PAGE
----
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Boudreau's sole focus: Bringing the Stanley Cup to Minnesota

Veteran coach, hockey lifer has accomplished almost everything there is in the game, except win the ultimate prize

by Dan Myers @DanMyers / Wild.com

This story, part of Wild.com's 2018-19 season preview, also appears in the October 2018 issue of Wild Magazine.

Generally speaking, Bruce Boudreau has it pretty good. 

He's got four children whom he adores and who adore him. 

He's got a loving, supportive wife. 

He's paid millions of dollars to coach the sport he's loved his entire life. 

He owns a beautiful home and a junior hockey team, runs a successful hockey camp and is widely considered one of the very best at what he does on a daily basis.

Bruce Boudreau has it pretty good. But he doesn't have everything.

To find what's missing, take a look at the man cave inside his Woodbury home. Inside are countless photographs and memories, awards and trophies from a career spent inside the sport of hockey.
 

[Single-game tickets for 2018-19 season now available]
 

There's first goals, and autographed jerseys, plaques and championship rings from nearly every level of minor league hockey. 

But there is one spot on the mantle that remains empty, waiting for the day when Boudreau can live out a dream he's replayed in his head thousands of times over the years.

It's waiting for the one thing that remains elusive in his storied career inside the game: the Stanley Cup.

"It fuels me every single day," Boudreau said. "I told [Wild owner] Craig [Leipold] when I got this job, 'It's the only thing I think about.'"

The sheer notion that Boudreau hasn't lucked into a Stanley Cup at some point in his four-plus decade career in the game as both a player and a coach proves just how elusive the trophy can be. 

Boudreau has never been handed anything. In 20 years as a player, he suited up in just 141 NHL games, toiling for years in the American Hockey League as one of its best players of all time. 

As soon as his playing career was over, Boudreau entered coaching, winning a championship in his eighth year as a head coach with the Mississippi Sea Wolves of the ECHL.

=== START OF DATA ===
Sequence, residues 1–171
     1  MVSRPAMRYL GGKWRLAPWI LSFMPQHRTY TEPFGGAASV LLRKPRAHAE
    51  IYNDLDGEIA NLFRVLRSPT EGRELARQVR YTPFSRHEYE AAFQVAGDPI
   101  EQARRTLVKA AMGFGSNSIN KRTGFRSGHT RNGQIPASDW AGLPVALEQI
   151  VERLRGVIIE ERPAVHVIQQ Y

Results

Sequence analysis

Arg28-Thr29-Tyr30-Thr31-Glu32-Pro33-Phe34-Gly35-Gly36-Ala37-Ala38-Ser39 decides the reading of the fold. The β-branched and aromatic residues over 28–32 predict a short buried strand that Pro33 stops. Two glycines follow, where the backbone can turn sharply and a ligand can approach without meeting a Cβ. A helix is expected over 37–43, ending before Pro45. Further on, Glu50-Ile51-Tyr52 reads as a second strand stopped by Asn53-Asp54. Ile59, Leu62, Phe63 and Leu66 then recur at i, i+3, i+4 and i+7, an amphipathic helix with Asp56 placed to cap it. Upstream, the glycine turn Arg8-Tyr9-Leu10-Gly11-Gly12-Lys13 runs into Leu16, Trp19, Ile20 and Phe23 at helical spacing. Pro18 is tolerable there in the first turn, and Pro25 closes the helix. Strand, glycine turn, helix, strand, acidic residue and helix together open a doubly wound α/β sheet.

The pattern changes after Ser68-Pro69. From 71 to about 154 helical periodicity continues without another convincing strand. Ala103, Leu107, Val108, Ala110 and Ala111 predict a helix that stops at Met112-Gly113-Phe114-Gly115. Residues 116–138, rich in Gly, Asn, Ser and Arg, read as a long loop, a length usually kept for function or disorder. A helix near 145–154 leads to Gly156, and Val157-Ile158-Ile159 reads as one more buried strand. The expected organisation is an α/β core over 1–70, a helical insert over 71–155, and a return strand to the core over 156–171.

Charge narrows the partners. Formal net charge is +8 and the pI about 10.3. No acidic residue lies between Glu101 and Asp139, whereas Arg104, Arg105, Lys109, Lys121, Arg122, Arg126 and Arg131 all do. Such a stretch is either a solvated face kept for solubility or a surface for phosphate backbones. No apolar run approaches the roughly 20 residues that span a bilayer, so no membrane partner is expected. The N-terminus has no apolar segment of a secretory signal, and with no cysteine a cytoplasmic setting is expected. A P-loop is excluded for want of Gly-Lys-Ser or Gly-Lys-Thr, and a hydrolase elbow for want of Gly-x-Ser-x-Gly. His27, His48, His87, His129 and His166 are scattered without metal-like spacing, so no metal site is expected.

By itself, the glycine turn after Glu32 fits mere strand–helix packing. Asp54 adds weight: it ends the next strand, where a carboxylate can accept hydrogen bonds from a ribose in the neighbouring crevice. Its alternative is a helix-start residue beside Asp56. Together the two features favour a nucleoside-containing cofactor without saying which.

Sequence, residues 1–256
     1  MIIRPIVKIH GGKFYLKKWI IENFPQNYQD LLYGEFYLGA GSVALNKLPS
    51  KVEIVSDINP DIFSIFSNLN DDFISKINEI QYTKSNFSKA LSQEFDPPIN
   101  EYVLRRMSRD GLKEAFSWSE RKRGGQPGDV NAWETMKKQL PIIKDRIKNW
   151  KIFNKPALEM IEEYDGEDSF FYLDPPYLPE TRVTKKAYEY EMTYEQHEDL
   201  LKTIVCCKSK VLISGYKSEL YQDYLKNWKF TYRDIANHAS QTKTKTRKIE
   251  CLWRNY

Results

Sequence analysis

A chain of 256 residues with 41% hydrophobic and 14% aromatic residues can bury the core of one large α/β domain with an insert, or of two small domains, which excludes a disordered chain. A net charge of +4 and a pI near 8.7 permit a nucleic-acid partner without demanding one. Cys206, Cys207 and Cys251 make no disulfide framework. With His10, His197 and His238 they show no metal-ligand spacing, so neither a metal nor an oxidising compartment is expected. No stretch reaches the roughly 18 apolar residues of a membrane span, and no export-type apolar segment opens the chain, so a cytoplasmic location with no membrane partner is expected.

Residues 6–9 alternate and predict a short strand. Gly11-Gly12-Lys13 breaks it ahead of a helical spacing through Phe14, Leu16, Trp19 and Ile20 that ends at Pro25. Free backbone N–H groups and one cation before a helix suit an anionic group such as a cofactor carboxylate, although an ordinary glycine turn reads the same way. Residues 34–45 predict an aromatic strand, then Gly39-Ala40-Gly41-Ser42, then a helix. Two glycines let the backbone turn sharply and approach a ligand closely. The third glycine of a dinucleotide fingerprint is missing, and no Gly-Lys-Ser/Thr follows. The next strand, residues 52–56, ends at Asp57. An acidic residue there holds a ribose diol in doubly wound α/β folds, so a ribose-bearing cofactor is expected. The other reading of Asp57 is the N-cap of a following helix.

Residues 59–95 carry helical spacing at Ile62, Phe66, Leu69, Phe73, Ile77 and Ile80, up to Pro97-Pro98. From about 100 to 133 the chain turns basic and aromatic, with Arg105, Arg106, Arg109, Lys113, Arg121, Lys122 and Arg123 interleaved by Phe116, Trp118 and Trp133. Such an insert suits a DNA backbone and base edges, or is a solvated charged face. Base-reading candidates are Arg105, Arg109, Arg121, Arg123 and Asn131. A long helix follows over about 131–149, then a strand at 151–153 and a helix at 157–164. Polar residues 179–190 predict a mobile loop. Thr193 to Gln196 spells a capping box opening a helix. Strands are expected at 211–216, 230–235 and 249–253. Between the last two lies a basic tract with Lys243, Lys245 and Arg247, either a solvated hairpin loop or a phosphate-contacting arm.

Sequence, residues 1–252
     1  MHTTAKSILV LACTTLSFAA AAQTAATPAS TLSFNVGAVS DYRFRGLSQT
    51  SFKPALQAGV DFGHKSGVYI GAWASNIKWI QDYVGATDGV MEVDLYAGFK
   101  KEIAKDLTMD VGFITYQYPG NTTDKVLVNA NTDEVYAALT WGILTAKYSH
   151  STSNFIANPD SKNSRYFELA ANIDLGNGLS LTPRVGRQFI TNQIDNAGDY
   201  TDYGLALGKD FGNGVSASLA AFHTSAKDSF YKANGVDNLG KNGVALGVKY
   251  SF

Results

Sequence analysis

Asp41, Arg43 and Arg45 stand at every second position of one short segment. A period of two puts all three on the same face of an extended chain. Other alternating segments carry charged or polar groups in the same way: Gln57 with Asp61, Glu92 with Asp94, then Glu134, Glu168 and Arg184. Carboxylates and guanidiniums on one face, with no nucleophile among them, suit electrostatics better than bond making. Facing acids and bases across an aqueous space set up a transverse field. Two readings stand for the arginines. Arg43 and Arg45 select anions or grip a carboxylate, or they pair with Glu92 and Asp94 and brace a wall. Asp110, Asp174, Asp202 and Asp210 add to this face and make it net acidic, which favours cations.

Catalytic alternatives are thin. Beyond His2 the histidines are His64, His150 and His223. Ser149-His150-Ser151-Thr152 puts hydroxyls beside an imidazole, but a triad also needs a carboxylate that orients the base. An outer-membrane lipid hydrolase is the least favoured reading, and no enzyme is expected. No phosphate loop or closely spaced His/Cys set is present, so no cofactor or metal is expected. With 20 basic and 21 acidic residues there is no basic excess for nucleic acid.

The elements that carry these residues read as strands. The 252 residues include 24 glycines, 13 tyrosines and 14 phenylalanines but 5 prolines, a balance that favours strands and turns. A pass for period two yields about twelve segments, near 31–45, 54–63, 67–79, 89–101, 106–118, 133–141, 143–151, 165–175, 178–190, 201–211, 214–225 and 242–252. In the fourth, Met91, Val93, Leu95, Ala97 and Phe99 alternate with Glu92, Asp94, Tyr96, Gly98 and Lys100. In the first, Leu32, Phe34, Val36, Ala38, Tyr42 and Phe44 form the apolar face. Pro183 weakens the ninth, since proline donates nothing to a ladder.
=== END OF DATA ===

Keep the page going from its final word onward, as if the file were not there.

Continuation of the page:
That led to a promotion to the AHL, where Boudreau led the Hershey Bears to a Calder Cup in 2006, in his seventh season behind the bench in that league.

Two other times, Boudreau has lost in the finals of a championship series, including in 2007 with Hershey. 

But despite being one of the winningest coaches in NHL history, Boudreau hasn't even sniffed a Stanley Cup Final, much less a shot at hoisting the Cup.

But that's not to say he hasn't thought about what that moment will be like.

"I've often thought about, would I pull a Herb Brooks and go into the shower and just have it be by myself?" Boudreau said. "But in the Calder Cup, when we won, I ran on the ice when the players jumped on the ice and I jumped right into the crowd of players. That was pretty awesome. I did that in the ECHL too.

"I think I'd be a little more restrained with the Stanley Cup, but it always puts a smile on my face when you're reminiscing and dreaming about that."

While fans at home often watch in awe as teams parade around the sheet of ice with the Cup in hand, Boudreau stews inside, filled with jealousy.

That was especially the case last spring when the Washington Capitals - his former team - won their first Stanley Cup. 

"I want that to happen here. Obviously, I'd like to have it happen for me," Boudreau said. "But there are so many people around that you love who have been in your corner for so long that would take so much pride and joy in being able to share it with you."

Along the way, Boudreau has had a couple of close calls.

As a player, perhaps the most heartbreaking season was 1978-79 with the Toronto Maple Leafs. In the semifinals, the Leafs lost to their rivals, the Montreal Canadiens, each game by one goal. The Canadiens would go on to win their fourth consecutive Stanley Cup that season.

"That would have been pretty cool because Toronto would have been a crazy place to win a cup," Boudreau said of his hometown.

As a head coach in the NHL, Boudreau has been bounced from the playoffs three times by the team that eventually went on to win the Cup.

All three times, the series went seven games and his teams wound up on the short end.